As always, some of my favourite images are of the small things — generally plants. We harvested the first of the plums just after Christmas; the tinsel bird-deterrent having done its job. The second plum tree is more fruit-laden, but they won’t be ripe for another week or two.

My principal gardening success at the moment seems to be with seedlings. The Kakabeak I’ve been nurturing for a few months is thriving, and it looks like almost all of the Kowhai seeds I harvested from our tree have germinated. Even the loquat seedlings are doing well. Gathered from a tree at my son’s flat, they took about three months to germinate but are now growing fast. The travelling hydrangeas are holding their own — but barely — and I may have to look beyond Google for advice.

I’m glad that 2019 is coming to an end.

I don’t normally buy in to the “New Year resolutions” thing, but this year I will be taking this socially-sanctioned opportunity to re-start and move into 2020 with the energy and enthusiasm I know I’m going to need.

img_6189 Image: Su Leslie 2019

Wishing you all good health, good friends, laughter, love, and the energy you will need in your own lives.

Ngā mihi o te tau hou

About The Changing Seasons

The Changing Seasons is a monthly challenge where bloggers around the world share what’s been happening in their month.

If you would like to join in, here are the guidelines:

The Changing Seasons Version One (photographic):

  • Each month, post 5-20 photos in a gallery that you feel represent your month
  • Don’t use photos from your archive. Only new shots.
  • Tag your posts with #MonthlyPhotoChallenge and #TheChangingSeasons so that others can find them

The Changing Seasons Version Two (you choose the format):

  • Each month, post a photo, recipe, painting, drawing, video, whatever that you feel says something about your month
  • Don’t use archive stuff. Only new material!
  • Tag your posts with #MonthlyPhotoChallenge and #TheChangingSeasons so others can find them.

If you do a ping-back to this post, I can update it with links to all of yours.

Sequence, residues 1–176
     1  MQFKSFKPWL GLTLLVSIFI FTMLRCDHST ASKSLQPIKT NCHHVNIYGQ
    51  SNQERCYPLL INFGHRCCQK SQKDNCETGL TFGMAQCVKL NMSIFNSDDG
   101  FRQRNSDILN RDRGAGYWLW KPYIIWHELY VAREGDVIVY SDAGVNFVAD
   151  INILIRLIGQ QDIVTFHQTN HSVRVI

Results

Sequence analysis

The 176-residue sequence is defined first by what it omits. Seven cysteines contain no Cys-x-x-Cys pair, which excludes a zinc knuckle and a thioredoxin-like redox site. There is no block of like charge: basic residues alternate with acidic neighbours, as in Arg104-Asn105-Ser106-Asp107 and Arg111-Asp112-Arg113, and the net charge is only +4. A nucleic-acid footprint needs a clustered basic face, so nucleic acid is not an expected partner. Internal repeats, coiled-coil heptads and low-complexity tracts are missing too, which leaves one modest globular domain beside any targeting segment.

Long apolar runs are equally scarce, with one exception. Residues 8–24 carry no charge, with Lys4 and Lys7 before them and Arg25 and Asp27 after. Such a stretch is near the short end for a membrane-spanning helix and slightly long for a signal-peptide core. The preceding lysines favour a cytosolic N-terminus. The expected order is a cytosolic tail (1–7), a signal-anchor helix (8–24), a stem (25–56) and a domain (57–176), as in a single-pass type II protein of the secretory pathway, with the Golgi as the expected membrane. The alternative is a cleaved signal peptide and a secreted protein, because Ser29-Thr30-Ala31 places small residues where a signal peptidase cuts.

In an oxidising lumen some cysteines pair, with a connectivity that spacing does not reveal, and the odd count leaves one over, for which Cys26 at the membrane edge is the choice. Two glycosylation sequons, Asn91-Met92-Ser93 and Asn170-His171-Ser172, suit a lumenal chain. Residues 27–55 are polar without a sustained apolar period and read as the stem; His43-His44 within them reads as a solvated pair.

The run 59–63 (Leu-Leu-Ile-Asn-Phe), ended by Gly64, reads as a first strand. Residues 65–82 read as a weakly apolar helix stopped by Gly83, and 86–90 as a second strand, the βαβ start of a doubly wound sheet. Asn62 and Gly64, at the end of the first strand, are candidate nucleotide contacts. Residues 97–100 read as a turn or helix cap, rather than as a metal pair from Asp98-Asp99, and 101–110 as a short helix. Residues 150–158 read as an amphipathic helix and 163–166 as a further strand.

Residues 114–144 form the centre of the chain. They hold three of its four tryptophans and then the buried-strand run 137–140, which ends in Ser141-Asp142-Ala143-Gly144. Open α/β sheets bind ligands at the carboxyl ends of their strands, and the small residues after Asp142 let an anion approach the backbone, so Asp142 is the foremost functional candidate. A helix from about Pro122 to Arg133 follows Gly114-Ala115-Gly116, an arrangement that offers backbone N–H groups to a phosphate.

Update

Brian at Bushboys World

Sarah at Art Expedition

Marilyn at Serendipity seeking intelligent life on Earth

Little Pieces of Me

Darren at The Arty Plantsman

Jude from Life at the Edge

Lani at Life, the Universe and Lani

Tracy at Reflections of an Untidy Mind

Pauline at Living in Paradise

A wonderful Sheep

Gill at Talking Thailand

Ju-Lyn at All Things Bright and Beautiful

 

 

 

 

 

The Changing Seasons, October 2019

img_5759

Kakabeak seedling No. 1. Image: Su Leslie 2019

I just looked back over my past few Changing Seasons posts, and this will be the third consecutive month I’ve talked about how cold and rainy and windy it’s been.

Consequently, once again I haven’t strayed far from home, and have taken very few photos. The silver lining though is that I’ve spent time extra working on the horticulture course I’m taking and have passed the first paper.

If I had to sum October up, I’d say it’s been a growing month. Lots of the seeds I’ve planted have germinated — including a second kakabeak. New plants that we’ve been able to shelter are thriving and we should be able to pick the first tomatoes quite soon. My gardening knowledge has grown, and with it my confidence.

I’d still really like some sunshine soon though. Especially as I’m off to New Plymouth tomorrow to explore the Taranaki Garden Festival and Sustainable Backyard Trail.

So apologies in advance if I’m a little slow to update the Changing Seasons blogroll. With luck I’ll be filling my brain with free-range, sustainably grown, nutrient-dense ideas (and my tummy with yummy produce).

About The Changing Seasons

The Changing Seasons is a monthly challenge where bloggers around the world share what’s been happening in their month.

If you would like to join in, here are the guidelines:

The Changing Seasons Version One (photographic):

  • Each month, post 5-20 photos in a gallery that you feel represent your month
  • Don’t use photos from your archive. Only new shots.
  • Tag your posts with #MonthlyPhotoChallenge and #TheChangingSeasons so that others can find them

The Changing Seasons Version Two (you choose the format):

  • Each month, post a photo, recipe, painting, drawing, video, whatever that you feel says something about your month
  • Don’t use archive stuff. Only new material!
  • Tag your posts with #MonthlyPhotoChallenge and #TheChangingSeasons so others can find them.

If you do a ping-back to this post, I can update it with links to all of yours.

Update

Pauline at Living in Paradise

Jude at Life at the Edge

Little Pieces of Me

Tish at Writer on the Edge

Joanne at My Life Lived Full

Tracy at Reflections of an Untidy Mind

Lani at Life, the Universe and Lani

Sarah at Art Expedition

Ju-Lyn at All Things Bright and Beautiful\

A Wonderful Sheep

Donna at DJ Ranch

Brian at Bushboys World

And a huge welcome to …

Amy at The world in a Book

Tatiana at Travelways

Margaret at From Pyrenees to Penines

Horse Addict

… all of whom are joining us for the first time this month.

 

The Changing Seasons, August 2019

img_5265

In an extremely dreary month, I resorted to buying cut flowers to inject a little colour. Image: Su Leslie 2019

August is often a month in which I feel like hibernating. This year, with rain every day (yep, actually every single day), cold winds and heavy grey skies, I really haven’t felt  like venturing far from home. I know I’ve been busy at home — I’m just not quite sure what I’ve been busy doing.

My photos offer a few clues.